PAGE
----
• The Global Innovation Excellence Study[16][17] which benchmarks innovation performance is published every 2–3 years and is in its 8th iteration
  • Socioeconomic Effects of Broadband Speed [18]
  • A collection of ADL thought leadership called Arthur D. Little PRISM is published twice a year.[19]

Career Education

The Arthur D. Little Career Education Program Arthur D. Little School of Management was spun off and became Hult International Business School.


In 1987, ADL claimed that sabotage was likely the cause of the Bhopal disaster, which resulted in the death of thousands.[20] ADL was paid by Union Carbide, the company that owned the chemical plant responsible for the chemical disaster, causing critics, Indian government officials, and environmentalists to charge that ADL's report was not independent.[21] Analysis by Arthur D. Little argues that the Negligence argument was impossible for several tangible reasons.[22]

Notable current and former employees

Politics and public service



  1. ^
  2. ^
  3. ^ a b c d e f
  4. ^ Little, A.D.; Griffin, R.B., "The Chemistry of Paper-Making, together with the principles of general chemistry; a handbook for the student and manufacturer", New York : Howard Lockwood & Co., 1894.
  5. ^
  6. ^ a b "ADL History Timeline" - ADL
  7. ^ a b
  8. ^
  9. ^
  10. ^ Altran website "The Group signed, on November 1st, 2011, a termsheet for an MBO concerning the disposal of Arthur D. Little due to be finalised by the year-end"
  11. ^
  12. ^
  13. ^
  14. ^ Arthur D. Little - The Future of Urban Mobility 2.0 available from ADL website
  15. ^ Arthur D. Little - Exane BNP Paribas report available from ADL website
  16. ^
  17. ^ ADL Global Innovation Excellence Study available from ADL website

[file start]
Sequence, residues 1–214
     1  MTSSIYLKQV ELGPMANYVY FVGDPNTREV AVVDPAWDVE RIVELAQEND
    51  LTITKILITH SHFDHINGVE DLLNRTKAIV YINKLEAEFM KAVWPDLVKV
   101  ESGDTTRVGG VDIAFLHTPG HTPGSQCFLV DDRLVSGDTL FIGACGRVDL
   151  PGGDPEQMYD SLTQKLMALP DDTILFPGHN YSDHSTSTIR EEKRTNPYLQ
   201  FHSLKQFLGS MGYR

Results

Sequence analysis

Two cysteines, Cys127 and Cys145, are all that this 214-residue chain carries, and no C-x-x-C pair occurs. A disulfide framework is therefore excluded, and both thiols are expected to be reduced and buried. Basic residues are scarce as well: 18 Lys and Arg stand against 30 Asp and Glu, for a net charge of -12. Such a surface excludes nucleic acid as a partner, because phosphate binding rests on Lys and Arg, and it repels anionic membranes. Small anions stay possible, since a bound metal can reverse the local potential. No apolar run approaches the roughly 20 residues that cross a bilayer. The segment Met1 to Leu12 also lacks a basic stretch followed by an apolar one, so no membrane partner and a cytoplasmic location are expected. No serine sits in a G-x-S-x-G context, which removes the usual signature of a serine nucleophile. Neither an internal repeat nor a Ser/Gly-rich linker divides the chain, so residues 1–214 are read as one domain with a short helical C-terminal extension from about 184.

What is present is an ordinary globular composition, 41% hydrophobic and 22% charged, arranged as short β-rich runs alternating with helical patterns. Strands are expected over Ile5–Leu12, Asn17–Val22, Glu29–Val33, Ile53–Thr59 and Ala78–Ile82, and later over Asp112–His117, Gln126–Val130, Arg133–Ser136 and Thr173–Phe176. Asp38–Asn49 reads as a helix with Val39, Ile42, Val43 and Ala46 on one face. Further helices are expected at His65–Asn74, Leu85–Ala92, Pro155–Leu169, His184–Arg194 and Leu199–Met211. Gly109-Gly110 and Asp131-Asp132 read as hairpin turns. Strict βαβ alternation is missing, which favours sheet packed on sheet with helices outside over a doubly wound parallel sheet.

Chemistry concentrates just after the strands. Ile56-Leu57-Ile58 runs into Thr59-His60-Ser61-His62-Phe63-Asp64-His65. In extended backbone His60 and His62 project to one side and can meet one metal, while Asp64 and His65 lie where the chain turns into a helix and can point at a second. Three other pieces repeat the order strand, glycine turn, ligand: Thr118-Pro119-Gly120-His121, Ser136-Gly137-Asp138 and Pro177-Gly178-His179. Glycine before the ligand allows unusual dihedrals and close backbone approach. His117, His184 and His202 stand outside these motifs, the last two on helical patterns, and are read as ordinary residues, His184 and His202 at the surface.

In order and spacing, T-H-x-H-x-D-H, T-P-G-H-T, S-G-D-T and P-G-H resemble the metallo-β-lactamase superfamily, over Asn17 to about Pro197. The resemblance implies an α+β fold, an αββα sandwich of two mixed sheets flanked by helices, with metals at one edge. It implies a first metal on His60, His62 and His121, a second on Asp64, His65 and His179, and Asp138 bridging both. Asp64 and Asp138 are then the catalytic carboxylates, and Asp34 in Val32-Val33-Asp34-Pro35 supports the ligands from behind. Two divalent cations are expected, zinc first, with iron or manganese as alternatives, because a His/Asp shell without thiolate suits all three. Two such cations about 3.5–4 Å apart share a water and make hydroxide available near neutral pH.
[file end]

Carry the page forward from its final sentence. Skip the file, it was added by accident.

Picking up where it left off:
18. ^
  19. ^ PRISM is available from its website or free on demand from any of the corporate offices.
  20. ^
  21. ^
  22. ^ ^ Jump up to: a b c d e Kalelkar AS, Little AD (1988). Investigation of Large-magnitude Incidents: Bhopal as a Case Study . London: Presented at the Institution of Chemical Engineers conference on preventing major chemical accidents.
  23. ^
  24. ^ A Terrible Mistake:The Murder of Frank Olson and the CIA’s Secret Cold War Experiments A Terrible Mistake:The Murder of Frank Olson and the CIA’s Secret Cold War Experiments - H.P.Albarelli - July 1, 2009 - ISBN 0-9777953-7-3

Further reading

  • James Adams (1992). Bull's eye: the assassination and life of supergun inventor Gerald Bull. (Chapter Seven) Times Books.
  • Eagar, Rick, “Who says it can't be done?” : A brief history of Arthur D. Little, PRISM magazine, 2006 (issue for the 120th anniversary of the company)
  • Peter Herman (2006). Managing other people's business, but not our own.
  • E. J. Kahn, Jr. (1986). The Problem Solvers. Little Brown.

External links

  • Arthur D. Little Official website
  • Arthur D. Little 125 yrs anniversary website
  • PRISM: bi-annual thought leadership collection
  • Of Silk Purses and Lead Balloons
  • ICHEME Official website
  • Alumni Association
  • The Original ADL Alumni Association
  • ADL Chronicles Products and Inventions from the ADL Labs